Central Park and Shakespearean fairies are an original mix. What was the inspiration?
I’ve been fascinated by Faerie lore in general since I was a kid. The stories that intrigued me the most were never the ones that portrayed the Fae as tiny, sweet, sparkly things. Rather, I was drawn to the idea that these were the creatures that existed beyond the circle of firelight, or just on the other side of the threshold, or just over that far hill; things only ever glimpsed out of the corner of your eye – if you were lucky! I love the dangerous aspects of the Fair Folk. I always appreciated that you got that sense with Shakespeare’s characters. That, given just a little nudge, things could go badly south with those creatures pretty quickly.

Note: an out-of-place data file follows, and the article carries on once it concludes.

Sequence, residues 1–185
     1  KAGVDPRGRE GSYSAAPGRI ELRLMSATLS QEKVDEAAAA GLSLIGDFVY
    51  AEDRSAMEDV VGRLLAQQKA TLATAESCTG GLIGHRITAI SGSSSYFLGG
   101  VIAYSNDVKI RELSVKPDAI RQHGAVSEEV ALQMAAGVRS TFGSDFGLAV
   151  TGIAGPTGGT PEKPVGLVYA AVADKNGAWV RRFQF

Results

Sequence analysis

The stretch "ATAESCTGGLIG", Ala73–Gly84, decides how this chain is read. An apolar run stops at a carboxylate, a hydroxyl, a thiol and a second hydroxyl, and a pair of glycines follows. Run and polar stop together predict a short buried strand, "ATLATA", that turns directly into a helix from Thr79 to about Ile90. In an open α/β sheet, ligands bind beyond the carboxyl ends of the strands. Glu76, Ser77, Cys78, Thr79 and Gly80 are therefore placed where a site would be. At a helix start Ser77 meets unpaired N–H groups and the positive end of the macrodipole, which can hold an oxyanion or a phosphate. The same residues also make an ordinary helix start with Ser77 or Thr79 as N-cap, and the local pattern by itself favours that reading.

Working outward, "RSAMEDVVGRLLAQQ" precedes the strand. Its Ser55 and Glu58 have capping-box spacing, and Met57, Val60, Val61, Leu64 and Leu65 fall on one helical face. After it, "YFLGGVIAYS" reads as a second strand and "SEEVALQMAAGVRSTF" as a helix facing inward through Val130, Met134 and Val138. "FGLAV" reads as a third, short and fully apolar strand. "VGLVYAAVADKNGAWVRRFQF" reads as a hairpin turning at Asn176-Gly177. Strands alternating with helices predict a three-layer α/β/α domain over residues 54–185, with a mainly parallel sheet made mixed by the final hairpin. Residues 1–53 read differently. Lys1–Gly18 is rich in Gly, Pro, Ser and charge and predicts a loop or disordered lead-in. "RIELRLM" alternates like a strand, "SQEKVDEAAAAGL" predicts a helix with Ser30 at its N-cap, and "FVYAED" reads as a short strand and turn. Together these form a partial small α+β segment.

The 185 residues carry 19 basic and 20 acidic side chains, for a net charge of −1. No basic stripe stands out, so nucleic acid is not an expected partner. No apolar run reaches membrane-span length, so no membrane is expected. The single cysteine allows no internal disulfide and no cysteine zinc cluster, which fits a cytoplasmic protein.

As to how that fascination managed to find a home in the middle of an adventure set in NYC, well, I had some time ago written a short story about an actress in a production of Dream in which some of the characters in the play were actually real Faeries. It was a fun little character piece and it stuck with me as something to expand upon. But, if it was going to become a longer tale, it needed a truly extraordinary setting outside of just the theatre.
When I went down to New York for the first time to meet my agent, I—naturally—paid a visit to Central Park. I fell instantly, irrevocably in love with the place. And with its history. The Park was the most magical place I had ever been and it virtually demanded that I turn it into a setting for a story. For some reason, it was just perfect for this story. It fits so well with the play and the pastoral setting, but there is also a whole bunch of really interesting history behind the building of the Park that just dovetailed wonderfully with what I had in mind.